Torturing animals mostly goes unreported
Two recent cases of animal cruelty in Worth Township resultedin arrests, but far too often dogs and other animals are abused and the occurrences go unreported, animal advocates say.
Animal abuse occurs routinely, but typically goes unreported because few people call the police.
“A lot of people don’t want to get involved,” said Linda Estrada, director and president of the Animal Welfare League in Chicago Ridge.
Estrada has worked at the Animal Welfare League for 18 years and has seen every kind of animal abuse imaginable, she said.
In fact, approximately 20 percent of dogs housed at the Animal Welfare League are victims of abuse, she said.
Since Jan. 1, 2013, Cook County Sheriff officers have made approximately 25 arrests for violations ranging from pet owners’ negligence to aggravated animal cruelty.
The Animal Welfare League has eight veterinarians and 14 technicians to treat the 1,400 dogs and cats housed at the facility.
Estrada has seen many dogs that were beaten, starved or left outside in extreme temperatures treated and brought back to health at the Animal Welfare League clinic.
That was not case for the two dogs that were abused in late May in separate incidents at a Worth Township trailer park.
The first incident occurred May 26 when Andrew Plecki, 48, of the 11700 block of Ridgeland Avenue, allegedly shot his girlfriend’s 12-year-old chocolate Labrador in the head with an air rifle for unknown reasons, according to a Cook County Sheriff’s Police spokesman.
The dog, which was sick, was taken to Crestwood Animal Clinic, 5443 W. 135th St., where it was put down, according to the sheriff’s spokesman.
Plecki appeared in court the following day where bond was set at $40,000. He is expected to appear at Bridgeview Court on June 17.
Meanwhile, Christopher Krentkowski, 35, also of the 11700 block of Ridgeland Avenue, was charged with two counts of aggravated domestic battery and one count of aggravated animal cruelty after allegedly injuring his mother and killing her dog on May 31, sheriff’s police said.
Krentkowski allegedly dragged his mother’s 15-year-old dog out of a bedroom at 8:30 p.m. and began to kick it. When his 53-year-old mother told him to stop, he tried to strangle her and struck her head with a bookcase, injuring her, according to a sheriff’s investigation. Krentkowski continued to physically assault the dog, causing its death, police said.
Krentkowski received a $125,000 bail. He is scheduled to appear in court on June 26 at the Bridgeview Courthouse.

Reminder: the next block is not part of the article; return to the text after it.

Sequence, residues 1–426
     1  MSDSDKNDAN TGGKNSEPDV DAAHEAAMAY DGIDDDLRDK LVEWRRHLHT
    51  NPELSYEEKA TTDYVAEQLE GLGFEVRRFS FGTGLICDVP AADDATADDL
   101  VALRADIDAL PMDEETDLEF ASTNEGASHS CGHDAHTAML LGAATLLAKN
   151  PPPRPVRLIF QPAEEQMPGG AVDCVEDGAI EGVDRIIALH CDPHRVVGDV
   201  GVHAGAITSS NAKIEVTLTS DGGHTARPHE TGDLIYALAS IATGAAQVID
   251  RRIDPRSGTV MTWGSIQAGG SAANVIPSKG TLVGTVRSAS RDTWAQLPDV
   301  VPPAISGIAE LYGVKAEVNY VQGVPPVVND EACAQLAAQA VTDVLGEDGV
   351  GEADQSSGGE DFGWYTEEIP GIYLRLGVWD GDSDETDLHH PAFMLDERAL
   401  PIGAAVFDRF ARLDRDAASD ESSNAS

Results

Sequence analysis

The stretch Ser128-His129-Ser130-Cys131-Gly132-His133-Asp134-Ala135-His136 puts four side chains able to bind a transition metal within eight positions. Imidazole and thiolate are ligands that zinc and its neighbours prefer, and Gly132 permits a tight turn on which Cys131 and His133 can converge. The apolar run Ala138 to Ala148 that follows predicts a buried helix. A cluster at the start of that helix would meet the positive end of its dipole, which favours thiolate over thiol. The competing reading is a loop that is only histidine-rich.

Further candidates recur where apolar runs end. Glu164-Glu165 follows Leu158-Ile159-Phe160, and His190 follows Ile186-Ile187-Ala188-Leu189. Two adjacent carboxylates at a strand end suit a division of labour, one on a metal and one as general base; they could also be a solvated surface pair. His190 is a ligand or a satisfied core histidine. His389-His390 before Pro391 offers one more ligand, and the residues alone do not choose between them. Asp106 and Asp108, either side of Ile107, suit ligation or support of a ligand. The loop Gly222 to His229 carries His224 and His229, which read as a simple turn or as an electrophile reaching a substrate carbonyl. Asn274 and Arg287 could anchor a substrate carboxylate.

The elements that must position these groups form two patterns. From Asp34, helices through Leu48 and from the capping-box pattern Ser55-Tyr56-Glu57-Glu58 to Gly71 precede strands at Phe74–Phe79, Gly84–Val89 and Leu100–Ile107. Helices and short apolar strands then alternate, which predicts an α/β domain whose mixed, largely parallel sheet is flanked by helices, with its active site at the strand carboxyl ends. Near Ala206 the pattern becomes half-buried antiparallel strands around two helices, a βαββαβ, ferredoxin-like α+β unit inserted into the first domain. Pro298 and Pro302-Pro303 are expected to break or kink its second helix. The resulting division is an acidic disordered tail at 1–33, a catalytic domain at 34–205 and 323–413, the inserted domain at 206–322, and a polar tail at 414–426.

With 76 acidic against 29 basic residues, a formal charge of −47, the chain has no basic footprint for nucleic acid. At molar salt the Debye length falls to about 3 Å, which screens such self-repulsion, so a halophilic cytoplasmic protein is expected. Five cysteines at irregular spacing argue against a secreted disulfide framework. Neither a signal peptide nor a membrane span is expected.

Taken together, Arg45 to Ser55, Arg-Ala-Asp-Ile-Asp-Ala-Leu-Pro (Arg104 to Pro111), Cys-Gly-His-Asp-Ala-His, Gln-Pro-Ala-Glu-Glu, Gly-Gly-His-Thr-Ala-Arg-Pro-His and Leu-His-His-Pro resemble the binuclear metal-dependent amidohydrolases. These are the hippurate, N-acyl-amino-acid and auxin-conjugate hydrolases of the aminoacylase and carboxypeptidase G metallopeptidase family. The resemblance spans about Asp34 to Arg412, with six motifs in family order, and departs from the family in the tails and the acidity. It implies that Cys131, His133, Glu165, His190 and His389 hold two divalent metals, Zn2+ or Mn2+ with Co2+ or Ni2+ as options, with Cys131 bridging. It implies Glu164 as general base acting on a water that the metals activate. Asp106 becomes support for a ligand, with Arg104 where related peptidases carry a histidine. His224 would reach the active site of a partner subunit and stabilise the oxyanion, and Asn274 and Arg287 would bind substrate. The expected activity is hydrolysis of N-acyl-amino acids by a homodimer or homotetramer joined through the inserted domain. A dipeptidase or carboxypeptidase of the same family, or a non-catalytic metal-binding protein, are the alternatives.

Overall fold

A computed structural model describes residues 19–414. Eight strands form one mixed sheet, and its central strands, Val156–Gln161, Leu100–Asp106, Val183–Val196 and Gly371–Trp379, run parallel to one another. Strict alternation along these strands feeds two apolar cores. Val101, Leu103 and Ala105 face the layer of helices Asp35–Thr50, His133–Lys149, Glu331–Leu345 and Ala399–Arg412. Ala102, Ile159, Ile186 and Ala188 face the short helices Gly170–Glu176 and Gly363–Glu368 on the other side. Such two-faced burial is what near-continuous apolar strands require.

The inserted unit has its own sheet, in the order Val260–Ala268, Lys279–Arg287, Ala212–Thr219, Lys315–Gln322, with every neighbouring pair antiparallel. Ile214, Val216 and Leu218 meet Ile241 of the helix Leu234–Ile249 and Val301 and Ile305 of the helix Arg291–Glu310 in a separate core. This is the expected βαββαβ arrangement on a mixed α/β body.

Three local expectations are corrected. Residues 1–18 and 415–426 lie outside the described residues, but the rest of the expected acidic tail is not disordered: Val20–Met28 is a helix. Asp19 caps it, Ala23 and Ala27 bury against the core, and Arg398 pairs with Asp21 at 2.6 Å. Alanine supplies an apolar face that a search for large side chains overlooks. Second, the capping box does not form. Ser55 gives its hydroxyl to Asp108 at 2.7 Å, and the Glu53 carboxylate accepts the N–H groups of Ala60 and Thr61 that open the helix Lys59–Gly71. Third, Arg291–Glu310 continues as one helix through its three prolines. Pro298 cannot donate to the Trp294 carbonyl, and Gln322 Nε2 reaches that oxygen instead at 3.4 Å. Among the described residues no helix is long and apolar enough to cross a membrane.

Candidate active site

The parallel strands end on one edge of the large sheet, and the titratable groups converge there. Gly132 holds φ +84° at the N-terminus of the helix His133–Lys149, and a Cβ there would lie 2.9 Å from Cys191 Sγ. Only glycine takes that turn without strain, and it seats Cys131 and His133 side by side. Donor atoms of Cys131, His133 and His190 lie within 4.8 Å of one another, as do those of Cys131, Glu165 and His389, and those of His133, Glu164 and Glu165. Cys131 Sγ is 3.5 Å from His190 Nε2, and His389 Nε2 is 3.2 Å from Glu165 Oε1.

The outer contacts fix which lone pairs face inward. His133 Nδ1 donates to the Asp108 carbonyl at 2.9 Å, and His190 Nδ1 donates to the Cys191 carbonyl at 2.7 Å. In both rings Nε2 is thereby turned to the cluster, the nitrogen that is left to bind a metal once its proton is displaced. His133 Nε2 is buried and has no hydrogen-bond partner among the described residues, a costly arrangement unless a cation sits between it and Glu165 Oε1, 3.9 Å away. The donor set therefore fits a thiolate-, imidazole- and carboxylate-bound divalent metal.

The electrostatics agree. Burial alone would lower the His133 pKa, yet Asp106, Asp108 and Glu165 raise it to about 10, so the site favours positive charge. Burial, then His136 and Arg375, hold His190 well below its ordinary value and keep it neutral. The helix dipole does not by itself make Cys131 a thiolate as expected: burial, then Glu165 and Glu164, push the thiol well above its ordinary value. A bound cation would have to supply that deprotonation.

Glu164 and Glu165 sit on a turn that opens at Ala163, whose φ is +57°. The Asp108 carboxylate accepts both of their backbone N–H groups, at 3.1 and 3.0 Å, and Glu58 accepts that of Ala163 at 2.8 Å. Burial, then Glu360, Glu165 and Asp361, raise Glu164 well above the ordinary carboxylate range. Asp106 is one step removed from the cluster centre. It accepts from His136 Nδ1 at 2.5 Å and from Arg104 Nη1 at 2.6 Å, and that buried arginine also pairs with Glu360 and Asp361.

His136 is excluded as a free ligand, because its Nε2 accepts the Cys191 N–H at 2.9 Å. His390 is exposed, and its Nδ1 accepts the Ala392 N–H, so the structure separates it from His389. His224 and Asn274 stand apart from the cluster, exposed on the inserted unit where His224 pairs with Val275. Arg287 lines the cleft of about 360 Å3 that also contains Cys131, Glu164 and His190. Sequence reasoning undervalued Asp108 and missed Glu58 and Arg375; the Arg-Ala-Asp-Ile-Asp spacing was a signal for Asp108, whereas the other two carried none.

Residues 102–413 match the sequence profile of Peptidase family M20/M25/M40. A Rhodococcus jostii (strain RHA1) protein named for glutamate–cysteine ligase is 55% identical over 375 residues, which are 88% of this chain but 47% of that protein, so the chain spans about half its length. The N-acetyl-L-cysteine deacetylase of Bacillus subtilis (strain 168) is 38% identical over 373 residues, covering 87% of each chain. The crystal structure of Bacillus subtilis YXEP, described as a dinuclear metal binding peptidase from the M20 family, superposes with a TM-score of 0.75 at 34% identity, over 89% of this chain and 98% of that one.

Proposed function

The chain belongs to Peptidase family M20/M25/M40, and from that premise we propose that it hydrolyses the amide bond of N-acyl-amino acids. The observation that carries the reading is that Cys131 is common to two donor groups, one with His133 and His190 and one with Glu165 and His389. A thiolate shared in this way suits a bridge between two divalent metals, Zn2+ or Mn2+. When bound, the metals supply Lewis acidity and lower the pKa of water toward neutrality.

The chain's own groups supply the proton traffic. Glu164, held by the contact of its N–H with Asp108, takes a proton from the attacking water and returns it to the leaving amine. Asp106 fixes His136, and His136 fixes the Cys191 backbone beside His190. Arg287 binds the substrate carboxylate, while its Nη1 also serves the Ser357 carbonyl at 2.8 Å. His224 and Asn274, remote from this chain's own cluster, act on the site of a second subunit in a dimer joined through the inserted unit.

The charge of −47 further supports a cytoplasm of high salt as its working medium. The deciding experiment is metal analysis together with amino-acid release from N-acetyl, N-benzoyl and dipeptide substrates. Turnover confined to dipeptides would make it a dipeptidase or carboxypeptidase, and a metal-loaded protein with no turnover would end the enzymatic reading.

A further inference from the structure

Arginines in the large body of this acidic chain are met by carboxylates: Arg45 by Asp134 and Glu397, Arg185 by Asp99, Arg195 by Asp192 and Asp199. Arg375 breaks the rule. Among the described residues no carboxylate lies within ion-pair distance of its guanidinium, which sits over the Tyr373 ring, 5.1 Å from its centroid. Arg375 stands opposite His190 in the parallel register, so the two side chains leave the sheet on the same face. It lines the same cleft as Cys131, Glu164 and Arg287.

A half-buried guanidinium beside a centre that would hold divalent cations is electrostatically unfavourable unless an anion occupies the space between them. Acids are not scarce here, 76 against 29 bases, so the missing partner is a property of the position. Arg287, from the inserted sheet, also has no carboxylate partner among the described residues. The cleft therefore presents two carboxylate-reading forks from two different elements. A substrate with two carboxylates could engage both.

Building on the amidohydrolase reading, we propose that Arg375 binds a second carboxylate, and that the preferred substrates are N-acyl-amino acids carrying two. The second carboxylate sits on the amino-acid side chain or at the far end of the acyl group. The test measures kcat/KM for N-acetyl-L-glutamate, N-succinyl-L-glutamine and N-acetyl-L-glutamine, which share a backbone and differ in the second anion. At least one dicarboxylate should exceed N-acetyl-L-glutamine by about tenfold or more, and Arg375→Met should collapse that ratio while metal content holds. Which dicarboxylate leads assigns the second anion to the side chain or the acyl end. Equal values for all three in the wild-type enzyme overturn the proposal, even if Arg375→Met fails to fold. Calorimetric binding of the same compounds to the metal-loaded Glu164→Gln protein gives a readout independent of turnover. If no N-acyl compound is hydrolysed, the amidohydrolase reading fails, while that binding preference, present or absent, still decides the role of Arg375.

The circumstances surrounding Krentkowski’s case are not isolated, Estrada said.
Individuals who abuse animals often do so to extract revenge on someone, such as a family member.
“People get back at people by abusing the animal,” she said, adding that breakups, divorces and custody cases can involve the mistreatment of pets.
She added that those who abuse animals are likely to exploit humans as well.
“If they abuse animals, they are likely to abuse a family member, a girlfriend or a child,” she said. “It’s sad.”
Estrada added that people can easily report abuse without getting involved. She said that the existence of camera phones makes reporting abuse easier than ever.
“Use your cameras,” said Estrada, who added that photographic evidence of animal abuse is critical when building a case against an animal abuser.
She advises calling the police, who will rescue the animal and bring it to her facility.
That’s happening in Oak Lawn, where concerned residents have called the village’s animal control officer to report cases of mistreated dogs, said Oak Lawn Police Division Chief Roger Pawlowski.
“What we see is reports from concerned citizens,” Pawlowski said. “You get a call the neighbor or a passerby.”
Calls are followed up by the animal control officer, who talks with the dog owner about proper care for their pet, Pawlowski said. He added that village has experienced only a handful of cases of animal cruelty or circumstances that led police to remove the dog from a home.
“It’s not all that common,” he said.
Animal cruelty is nothing new, but the number of abandonments has risen in recent years, especially as the down economy has forced people to move, Estrada said.
Animal owners who no longer can afford a pet will leave them behind or desert them in alleys or dumpsters, she said.
People need to be aware of the signs of animal cruelty or abandonment, Estrada said.
“People need to open their eyes,” she said.
Specifically, they should be aware of dogs that appear malnourished or exhibit signs of mistreatment. Additionally, they should inform police of dogs that are left outside for long periods of time in extremely hot or cold weather or deprived food or water.
A dog barking from inside a garage or an empty house or apartment also can be a sign of mistreatment or abandonment, she said.
The Animal Welfare League, 10305 Southwest Highway, serves 53 towns in and is open for adoptions from noon to 9 p.m. Monday through Friday; 11 a.m. to 7 p.m. on Saturday and 11 a.m. to 6 p.m. on Sunday. The clinic is open from 10 a.m. to 9 p.m. Monday through Friday and 9 a.m. to 6 p.m. on Saturday. The facility can be reached at 708-636-8586.